Giant coreopsis
Recent Asian American immigrants strongly support environmental protection and legislation. How do the environmental attitudes of U.S. born and/or raised Asian Americans compare? Photo by Debbie Chong.

An article by Ngoc Nguyen in today’s New America Media website reports that “among California’s Asian Americans, 83 percent describe themselves as ‘environmentalists,’ compared to just 52 percent of all California voters, according to a first-ever poll on the environmental attitudes of Asian-American voters.”

The groundbreaking multilingual poll surveyed 1,002 Asian-American voters on their views about environmental issues and compared results to a poll of 564 state voters. Interviews were conducted with Chinese, Filipino, Korean, Vietnamese, Japanese and Asian Indian voters…

Eighty percent of Asian Pacific Islander (API) voters polled said they would vote for a candidate who has a strong environmental record, and 85 percent said they would support a ballot measure to protect the environment.

According to the article, most respondents were recent immigrants rather than U.S.-born, and their environmental concerns encompassed both local and global scales.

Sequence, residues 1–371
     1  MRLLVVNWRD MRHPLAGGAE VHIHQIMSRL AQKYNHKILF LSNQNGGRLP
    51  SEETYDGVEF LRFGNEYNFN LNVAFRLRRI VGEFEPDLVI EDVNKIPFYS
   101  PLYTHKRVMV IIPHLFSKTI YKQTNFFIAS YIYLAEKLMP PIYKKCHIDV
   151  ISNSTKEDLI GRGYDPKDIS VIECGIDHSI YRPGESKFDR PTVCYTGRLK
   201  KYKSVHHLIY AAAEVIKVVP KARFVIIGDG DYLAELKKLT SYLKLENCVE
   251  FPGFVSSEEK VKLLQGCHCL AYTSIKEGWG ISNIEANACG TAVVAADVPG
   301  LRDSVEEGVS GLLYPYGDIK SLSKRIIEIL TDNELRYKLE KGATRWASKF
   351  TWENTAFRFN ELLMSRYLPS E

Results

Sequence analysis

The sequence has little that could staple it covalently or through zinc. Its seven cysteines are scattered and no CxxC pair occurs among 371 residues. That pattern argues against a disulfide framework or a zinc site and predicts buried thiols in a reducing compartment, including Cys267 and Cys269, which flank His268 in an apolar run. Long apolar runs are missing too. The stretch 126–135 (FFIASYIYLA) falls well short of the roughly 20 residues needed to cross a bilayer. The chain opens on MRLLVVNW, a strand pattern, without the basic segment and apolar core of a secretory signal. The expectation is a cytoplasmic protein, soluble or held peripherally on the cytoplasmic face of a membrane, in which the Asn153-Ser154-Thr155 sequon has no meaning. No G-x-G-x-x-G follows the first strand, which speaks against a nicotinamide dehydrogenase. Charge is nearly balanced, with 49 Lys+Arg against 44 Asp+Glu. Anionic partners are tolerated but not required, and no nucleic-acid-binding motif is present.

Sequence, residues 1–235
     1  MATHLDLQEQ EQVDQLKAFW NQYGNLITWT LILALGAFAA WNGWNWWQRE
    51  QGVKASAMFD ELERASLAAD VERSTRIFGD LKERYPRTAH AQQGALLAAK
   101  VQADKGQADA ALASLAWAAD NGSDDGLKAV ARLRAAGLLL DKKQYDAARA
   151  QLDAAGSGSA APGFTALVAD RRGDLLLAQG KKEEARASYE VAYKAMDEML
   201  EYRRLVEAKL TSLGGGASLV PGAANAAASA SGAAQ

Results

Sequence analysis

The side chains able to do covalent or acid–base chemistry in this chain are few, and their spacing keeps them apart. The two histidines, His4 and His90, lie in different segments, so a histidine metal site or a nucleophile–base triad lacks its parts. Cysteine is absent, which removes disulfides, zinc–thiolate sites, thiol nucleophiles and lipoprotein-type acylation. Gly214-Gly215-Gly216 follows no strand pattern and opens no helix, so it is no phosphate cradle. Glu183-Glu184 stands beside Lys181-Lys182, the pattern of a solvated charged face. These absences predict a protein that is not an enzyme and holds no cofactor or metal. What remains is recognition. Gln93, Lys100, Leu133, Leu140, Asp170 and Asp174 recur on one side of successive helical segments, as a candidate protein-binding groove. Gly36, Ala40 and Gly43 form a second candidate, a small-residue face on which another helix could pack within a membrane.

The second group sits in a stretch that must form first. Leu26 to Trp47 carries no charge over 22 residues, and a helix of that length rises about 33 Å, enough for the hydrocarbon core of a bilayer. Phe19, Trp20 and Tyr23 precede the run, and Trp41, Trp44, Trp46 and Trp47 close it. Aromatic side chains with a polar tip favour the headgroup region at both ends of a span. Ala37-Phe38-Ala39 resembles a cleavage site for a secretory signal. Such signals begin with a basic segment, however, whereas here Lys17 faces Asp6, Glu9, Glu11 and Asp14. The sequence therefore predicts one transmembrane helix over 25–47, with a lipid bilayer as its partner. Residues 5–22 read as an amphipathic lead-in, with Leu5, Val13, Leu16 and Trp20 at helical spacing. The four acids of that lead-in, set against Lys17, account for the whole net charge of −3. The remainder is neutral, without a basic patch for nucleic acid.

As one can see, outreach to Asian American immigrant voters will be key to gaining votes for environmentally-friendly political candidates and legislation.  This  survey refutes the stereotype that Asian immigrants are more concerned with money than the environment.

Now what I would like to see is a survey among 1.5-generation and U.S.-born Asian Americans.  What are the environmental attitudes of Asian Americans who were raised in the U.S.?  What are important issues for us?  Do we live, vote, and promote green?  How are we similar or different from our parents and grandparents?

What do you think?  Leave your comments below!

— posted by Debbie Chong


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